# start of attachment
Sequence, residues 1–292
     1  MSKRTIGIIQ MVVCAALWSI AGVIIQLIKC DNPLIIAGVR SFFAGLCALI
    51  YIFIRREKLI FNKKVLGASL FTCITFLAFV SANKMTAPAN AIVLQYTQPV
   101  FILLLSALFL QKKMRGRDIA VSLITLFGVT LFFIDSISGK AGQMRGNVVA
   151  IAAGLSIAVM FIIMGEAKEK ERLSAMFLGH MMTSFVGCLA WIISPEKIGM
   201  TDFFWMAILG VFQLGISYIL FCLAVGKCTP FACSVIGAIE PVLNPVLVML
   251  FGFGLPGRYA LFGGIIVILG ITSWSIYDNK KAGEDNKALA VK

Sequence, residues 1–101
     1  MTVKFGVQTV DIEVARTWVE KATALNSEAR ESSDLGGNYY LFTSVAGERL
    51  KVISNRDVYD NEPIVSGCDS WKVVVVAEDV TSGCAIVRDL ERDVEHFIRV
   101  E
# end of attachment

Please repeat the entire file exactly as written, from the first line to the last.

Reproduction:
Sequence, residues 1–292
     1  MSKRTIGIIQ MVVCAALWSI AGVIIQLIKC DNPLIIAGVR SFFAGLCALI
    51  YIFIRREKLI FNKKVLGASL FTCITFLAFV SANKMTAPAN AIVLQYTQPV
   101  FILLLSALFL QKKMRGRDIA VSLITLFGVT LFFIDSISGK AGQMRGNVVA
   151  IAAGLSIAVM FIIMGEAKEK ERLSAMFLGH MMTSFVGCLA WIISPEKIGM
   201  TDFFWMAILG VFQLGISYIL FCLAVGKCTP FACSVIGAIE PVLNPVLVML
   251  FGFGLPGRYA LFGGIIVILG ITSWSIYDNK KAGEDNKALA VK

Sequence, residues 1–101
     1  MTVKFGVQTV DIEVARTWVE KATALNSEAR ESSDLGGNYY LFTSVAGERL
    51  KVISNRDVYD NEPIVSGCDS WKVVVVAEDV TSGCAIVRDL ERDVEHFIRV
   101  E